To Do Your Best Work, Take Some Time Off

You're losing out on more than vacation when you don't take a break. A conversation with Brigid Schulte.

Convene_podcast_iconAshley Milne-Tyte talks to Brigid Schulte, author of Overwhelmed: Work, Love and Play When No One Has the Time, in a conversation inspired by the revelation that nearly 80 percent of the meeting professionals who responded to Convene‘s annual salary survey didn’t take all of the vacation they earned last year.

That’s all too common, Schulte said.

In the U.S. “we don’t have a history or culture of embracing taking time off to recharge, relax, refresh, enjoy your life. There has always been a very strong work streak in the U.S. … we get a lot of meaning and identity out of work.

“That’s really gone crazy,” Schulte said, “since the switch to the service and knowledge economy, where we all have jobs like meeting planners where you’re not sure you’re ever done, there’s always more to do, there’s always the next thing coming up.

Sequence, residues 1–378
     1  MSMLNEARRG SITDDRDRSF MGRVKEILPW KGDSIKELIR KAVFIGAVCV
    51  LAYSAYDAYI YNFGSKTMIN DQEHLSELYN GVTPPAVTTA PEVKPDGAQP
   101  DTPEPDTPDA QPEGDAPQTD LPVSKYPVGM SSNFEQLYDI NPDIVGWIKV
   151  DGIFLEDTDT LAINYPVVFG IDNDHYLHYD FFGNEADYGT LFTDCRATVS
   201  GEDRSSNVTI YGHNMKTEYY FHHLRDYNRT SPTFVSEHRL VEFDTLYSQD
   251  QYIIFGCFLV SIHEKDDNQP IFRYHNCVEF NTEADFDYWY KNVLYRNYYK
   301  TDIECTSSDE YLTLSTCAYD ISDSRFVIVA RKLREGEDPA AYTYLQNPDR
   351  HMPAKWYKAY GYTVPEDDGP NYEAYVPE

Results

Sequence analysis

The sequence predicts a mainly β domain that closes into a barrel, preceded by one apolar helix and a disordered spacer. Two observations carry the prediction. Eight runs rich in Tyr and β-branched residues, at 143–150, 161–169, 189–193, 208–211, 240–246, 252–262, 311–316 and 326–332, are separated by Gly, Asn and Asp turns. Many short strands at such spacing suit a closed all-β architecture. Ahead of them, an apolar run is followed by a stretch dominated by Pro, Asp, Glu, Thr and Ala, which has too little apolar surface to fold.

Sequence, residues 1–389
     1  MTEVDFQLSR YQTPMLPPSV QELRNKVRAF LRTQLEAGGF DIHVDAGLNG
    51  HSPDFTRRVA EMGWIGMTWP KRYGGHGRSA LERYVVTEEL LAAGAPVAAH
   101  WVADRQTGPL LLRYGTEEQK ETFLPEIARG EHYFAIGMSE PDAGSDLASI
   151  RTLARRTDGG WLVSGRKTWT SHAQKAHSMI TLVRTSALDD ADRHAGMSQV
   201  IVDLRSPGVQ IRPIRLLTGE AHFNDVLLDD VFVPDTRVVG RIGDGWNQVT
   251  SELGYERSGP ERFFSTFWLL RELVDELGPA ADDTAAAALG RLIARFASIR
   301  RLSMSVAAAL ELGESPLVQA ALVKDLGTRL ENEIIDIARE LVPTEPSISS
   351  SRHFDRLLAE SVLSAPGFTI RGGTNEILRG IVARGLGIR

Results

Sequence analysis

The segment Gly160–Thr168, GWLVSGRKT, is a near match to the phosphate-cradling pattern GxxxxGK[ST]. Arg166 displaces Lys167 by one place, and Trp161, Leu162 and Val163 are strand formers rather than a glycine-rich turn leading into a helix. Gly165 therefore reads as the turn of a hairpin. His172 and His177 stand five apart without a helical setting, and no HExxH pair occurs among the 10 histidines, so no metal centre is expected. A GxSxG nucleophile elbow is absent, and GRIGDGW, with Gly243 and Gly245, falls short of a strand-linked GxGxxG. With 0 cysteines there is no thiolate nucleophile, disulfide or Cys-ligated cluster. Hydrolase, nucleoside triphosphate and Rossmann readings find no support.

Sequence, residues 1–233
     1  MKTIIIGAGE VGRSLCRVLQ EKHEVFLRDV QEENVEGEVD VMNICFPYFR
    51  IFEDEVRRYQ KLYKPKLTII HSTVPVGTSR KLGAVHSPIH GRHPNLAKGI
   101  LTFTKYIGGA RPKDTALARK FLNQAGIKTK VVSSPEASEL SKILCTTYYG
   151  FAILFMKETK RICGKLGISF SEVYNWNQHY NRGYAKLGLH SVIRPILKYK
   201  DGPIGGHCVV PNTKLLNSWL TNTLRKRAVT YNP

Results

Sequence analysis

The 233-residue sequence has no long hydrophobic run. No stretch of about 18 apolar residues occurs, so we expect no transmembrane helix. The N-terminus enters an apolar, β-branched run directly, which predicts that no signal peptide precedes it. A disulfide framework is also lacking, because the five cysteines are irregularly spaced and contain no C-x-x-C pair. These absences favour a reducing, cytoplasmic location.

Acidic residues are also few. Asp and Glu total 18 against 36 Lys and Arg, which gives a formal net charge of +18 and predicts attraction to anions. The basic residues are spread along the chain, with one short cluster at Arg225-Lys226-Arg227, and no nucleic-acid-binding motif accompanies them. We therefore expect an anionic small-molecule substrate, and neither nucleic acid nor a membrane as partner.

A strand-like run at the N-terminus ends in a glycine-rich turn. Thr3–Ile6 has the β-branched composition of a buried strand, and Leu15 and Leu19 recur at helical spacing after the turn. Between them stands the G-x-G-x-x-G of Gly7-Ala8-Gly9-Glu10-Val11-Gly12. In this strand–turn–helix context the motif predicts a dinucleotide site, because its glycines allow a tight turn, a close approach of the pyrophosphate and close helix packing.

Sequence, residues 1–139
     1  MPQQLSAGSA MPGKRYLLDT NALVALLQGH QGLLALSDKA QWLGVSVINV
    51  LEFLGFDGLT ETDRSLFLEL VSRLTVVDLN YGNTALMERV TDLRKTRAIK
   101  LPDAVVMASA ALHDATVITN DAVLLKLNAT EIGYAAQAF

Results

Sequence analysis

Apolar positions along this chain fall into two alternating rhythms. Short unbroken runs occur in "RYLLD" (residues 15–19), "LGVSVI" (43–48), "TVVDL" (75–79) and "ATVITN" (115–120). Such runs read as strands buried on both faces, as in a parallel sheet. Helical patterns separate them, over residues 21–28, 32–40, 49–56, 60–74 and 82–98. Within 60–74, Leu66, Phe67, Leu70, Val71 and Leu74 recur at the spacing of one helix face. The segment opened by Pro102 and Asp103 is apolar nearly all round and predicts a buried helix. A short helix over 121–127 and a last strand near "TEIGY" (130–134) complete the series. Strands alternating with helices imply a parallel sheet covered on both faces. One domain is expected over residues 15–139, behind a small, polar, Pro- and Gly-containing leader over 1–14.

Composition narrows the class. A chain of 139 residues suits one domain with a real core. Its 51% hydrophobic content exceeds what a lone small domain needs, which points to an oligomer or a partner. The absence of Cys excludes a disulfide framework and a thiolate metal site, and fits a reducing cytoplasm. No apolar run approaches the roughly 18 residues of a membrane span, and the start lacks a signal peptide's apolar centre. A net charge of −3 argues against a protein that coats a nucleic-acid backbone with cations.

“I think what’s really important and we Americans need to be more aware of is the emerging neuroscience about how our brains and bodies work.  If you want to be really work focused— to do an excellent job — the only way to do that is by taking time off,  by getting enough rest and relaxation to be able to be recharged and come back in refreshed. 

“We don’t have much good research on vacation because nobody takes it. But what research on overwork and burnout is showing is you are much less effective if you keep pushing and pushing and pushing, which has become the culture in America right now.”


Ashley Milne-Tyte